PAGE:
Cloud Economics: Deciding Build vs. Buy
Should you build you own private cloud or buy someone else's? What about doing both?
Yes, you've heard enough and are probably tired of all the marketing hype. But the evolving notion surrounding the cloud is shifting the "if" toward "when" you'll be incorporating it into your IT services strategy. Even Microsoft has released compelling documents like its brief, "The Economics of the Cloud" (you can download it here), a document more than six months old but no less valuable for the CTO with a cloud-based decision to make.
Once the decision is made to implement a cloud infrastructure, the next step is deciding how it should be constructed. Two diametric opposites appear to be the primary options available now: build your own private cloud or buy someone else's public cloud.
Nearly all of IT's diametric opposites have eventually settled into some combination of "a little of both." Mainframe and client/server swung back and forth to the point where now both approaches are roughly equal in prevalence. One wouldn't be remiss in assuming that today's private versus public cloud debate will likely take the same path.
When deciding whether private or public cloud makes sense for you, the more sensible path probably lies somewhere in between. What does that "both" path mean for the decision-making CTO? In reality, a lot.
Enterprise organizations already have a significant investment in virtualization. Gartner Inc. reports that slightly more than half of all IT workloads will be virtualized by the end of 2012. Many of the underlying technologies that manifest private cloud computing are in fact already within your datacenter today. What remains is a slight alteration to the management techniques used in delivering virtualized IT services. Some of that alteration is procedural; other parts are technical. Each of the major virtual players is only now adding private cloud awareness into core virtual management platforms.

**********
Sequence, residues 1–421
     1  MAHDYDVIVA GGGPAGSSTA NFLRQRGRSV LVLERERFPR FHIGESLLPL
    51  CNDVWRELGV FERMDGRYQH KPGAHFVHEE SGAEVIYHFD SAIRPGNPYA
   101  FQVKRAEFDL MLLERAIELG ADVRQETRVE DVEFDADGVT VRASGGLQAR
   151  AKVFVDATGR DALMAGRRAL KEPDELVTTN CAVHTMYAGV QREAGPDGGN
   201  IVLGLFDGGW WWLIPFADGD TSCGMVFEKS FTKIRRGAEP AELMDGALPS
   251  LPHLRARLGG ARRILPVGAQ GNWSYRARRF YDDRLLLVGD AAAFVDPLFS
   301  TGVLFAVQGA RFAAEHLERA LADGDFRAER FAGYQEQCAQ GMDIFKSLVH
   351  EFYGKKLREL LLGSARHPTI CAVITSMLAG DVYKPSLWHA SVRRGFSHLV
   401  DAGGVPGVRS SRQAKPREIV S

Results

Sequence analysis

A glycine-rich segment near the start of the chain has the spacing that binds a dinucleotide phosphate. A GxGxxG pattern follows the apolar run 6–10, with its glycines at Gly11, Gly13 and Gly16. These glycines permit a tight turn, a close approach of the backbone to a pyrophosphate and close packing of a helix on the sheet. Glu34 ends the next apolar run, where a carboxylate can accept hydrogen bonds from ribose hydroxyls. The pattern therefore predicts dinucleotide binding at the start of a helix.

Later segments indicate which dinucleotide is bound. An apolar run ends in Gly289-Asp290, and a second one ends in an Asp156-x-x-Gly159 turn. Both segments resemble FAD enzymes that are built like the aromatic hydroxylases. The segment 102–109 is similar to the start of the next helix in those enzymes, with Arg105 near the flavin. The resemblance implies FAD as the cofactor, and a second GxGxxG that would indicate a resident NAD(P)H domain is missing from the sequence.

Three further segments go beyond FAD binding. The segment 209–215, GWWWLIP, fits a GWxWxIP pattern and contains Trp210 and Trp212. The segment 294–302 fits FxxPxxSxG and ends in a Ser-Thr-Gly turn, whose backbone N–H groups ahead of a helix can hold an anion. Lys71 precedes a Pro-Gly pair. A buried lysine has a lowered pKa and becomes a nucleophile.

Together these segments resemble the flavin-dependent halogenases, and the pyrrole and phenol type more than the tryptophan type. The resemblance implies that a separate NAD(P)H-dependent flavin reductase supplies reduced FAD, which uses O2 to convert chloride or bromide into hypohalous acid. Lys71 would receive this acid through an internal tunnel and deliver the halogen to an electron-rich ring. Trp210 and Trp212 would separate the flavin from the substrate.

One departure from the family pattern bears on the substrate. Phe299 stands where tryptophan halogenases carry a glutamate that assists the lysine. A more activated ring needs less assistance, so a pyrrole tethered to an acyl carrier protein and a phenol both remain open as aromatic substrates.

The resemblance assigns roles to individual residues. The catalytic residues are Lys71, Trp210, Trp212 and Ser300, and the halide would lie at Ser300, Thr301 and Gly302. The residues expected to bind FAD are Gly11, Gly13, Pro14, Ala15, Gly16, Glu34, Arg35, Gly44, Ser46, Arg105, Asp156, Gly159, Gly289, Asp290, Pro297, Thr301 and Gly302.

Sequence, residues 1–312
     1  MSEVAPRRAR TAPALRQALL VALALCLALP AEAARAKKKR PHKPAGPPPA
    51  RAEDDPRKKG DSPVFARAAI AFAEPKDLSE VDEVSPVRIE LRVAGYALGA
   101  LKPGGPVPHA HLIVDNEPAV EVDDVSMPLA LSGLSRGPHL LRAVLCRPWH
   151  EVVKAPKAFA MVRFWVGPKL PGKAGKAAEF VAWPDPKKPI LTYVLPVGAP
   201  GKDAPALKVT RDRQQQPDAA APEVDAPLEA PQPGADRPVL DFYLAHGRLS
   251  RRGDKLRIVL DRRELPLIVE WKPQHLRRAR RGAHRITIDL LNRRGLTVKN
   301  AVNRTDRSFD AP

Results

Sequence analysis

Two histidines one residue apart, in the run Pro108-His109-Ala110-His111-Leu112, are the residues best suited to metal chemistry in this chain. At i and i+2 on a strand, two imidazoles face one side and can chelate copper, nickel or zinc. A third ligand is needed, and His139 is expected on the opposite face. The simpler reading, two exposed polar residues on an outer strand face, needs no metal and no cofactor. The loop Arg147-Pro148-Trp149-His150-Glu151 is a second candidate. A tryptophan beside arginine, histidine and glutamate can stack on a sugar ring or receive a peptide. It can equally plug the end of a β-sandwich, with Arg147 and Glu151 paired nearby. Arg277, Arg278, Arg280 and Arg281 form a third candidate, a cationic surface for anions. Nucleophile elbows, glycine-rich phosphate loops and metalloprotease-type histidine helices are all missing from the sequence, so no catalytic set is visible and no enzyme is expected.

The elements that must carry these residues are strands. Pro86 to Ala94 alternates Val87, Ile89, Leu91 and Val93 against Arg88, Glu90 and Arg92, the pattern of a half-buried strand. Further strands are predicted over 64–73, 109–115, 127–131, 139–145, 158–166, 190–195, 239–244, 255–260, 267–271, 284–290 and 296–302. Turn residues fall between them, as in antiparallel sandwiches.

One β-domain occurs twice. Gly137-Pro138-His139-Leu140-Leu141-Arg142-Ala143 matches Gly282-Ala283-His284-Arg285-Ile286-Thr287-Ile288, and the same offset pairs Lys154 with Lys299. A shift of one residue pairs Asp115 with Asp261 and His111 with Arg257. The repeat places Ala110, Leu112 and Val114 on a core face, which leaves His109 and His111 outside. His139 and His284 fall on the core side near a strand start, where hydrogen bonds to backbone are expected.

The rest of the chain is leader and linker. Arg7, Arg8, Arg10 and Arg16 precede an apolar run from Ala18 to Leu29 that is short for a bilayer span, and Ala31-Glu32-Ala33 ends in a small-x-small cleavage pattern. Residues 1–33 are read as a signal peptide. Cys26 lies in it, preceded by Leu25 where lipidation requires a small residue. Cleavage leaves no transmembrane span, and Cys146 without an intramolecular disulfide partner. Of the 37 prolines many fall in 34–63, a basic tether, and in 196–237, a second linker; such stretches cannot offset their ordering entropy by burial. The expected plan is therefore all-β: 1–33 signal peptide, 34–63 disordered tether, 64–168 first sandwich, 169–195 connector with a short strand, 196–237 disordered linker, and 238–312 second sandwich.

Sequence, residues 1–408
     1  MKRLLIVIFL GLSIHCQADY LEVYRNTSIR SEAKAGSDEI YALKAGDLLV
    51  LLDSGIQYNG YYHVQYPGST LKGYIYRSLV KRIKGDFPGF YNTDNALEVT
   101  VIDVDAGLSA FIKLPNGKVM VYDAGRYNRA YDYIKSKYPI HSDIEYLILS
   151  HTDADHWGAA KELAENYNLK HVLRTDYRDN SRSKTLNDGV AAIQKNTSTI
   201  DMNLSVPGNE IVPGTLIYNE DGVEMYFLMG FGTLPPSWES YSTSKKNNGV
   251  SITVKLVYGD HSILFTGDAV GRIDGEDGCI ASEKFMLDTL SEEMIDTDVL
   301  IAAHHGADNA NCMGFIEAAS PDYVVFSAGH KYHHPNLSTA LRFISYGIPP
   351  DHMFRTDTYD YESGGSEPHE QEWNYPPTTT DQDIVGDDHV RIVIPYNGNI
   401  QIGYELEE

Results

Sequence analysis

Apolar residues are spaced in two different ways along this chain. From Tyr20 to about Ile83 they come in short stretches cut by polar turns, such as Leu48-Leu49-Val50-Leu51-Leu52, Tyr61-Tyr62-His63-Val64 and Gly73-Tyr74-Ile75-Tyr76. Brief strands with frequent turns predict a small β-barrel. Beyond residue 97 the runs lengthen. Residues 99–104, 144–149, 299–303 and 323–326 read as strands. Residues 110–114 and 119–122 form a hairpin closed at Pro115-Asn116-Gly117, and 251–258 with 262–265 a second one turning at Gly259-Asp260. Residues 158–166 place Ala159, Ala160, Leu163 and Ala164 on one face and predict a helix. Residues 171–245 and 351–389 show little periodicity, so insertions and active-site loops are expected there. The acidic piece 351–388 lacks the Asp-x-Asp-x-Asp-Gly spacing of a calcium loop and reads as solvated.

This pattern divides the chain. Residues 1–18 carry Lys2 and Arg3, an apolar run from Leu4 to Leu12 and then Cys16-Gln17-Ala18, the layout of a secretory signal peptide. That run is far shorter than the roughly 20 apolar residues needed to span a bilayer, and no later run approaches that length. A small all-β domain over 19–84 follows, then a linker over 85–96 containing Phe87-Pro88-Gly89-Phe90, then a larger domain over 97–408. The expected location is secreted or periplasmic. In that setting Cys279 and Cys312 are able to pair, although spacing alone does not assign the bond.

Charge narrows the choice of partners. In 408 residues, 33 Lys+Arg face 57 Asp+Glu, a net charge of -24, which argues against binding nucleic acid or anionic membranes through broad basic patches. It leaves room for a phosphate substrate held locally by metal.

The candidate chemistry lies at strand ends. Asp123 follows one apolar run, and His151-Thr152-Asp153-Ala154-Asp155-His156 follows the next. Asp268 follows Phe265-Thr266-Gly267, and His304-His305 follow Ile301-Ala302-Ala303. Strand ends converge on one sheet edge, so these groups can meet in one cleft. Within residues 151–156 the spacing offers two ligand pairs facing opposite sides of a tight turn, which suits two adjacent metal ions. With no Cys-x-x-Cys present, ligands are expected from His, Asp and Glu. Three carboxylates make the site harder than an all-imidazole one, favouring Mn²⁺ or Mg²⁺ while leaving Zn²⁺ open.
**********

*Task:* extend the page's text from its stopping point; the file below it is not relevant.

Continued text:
But if you already have a private cloud, why even consider the public cloud? One reality is the ever increasing need for speed in IT service delivery. Another is, simply, cost.
Take, for example, Amazon Elastic Compute Cloud (EC2) services. A "small" Windows On-Demand Instance, Amazon parlance for a server priced by the hour, gets you a single x86 processor with 1.7GB of memory and 160GB of storage for about $87.84 per month at 100 percent utilization (as of this writing). Prepay on a three-year contract and that rate drops to $36.60 per month, a rate that's almost what it costs just to power and cool your own physical equivalent. Add to this the realization that few servers are 100 percent utilized all the time, and the EC2 use-based rate structure quickly melts the costs away.
While the costs are compelling, it's the speed in which EC2 resources are provisioned that absolutely impresses. Select the instance you want, and expect it delivered literally in minutes. Add software and interconnect servers and you've quickly extended your services to the Internet.
Neither EC2's nor its competitors' speed of deployment -- nor their price -- belie the fact that you still have local processing needs. Amazon itself suggests EC2 is designed as a Web platform. Its competitors advertise a wider scope. Notwithstanding, your business requires locally homed services for which you've already made the infrastructure investment.
These reasons and more highlight why the "both" strategy is the smart answer for decision making in the long term.
Some hybrid of private and public cloud is our industry's future, with services operating locally when they make sense and elastically expanding into the cloud as resources are needed. Connecting the two to create the LAN, WAN, DMZ or other connectivity your business services require is only the next step toward this future of highly optimized computing.
Greg Shields is a senior partner and principal technologist with Concentrated Technology. He also serves as a contributing editor and columnist for TechNet Magazine and Redmond magazine, and is a highly sought-after and top-ranked speaker for live and recorded events. Greg can be found at numerous IT conferences such as TechEd, MMS and VMworld, among others, and has served as conference chair for 1105 Media’s TechMentor Conference since 2005. Greg has been a multiple recipient of both the Microsoft Most Valuable Professional and VMware vExpert award.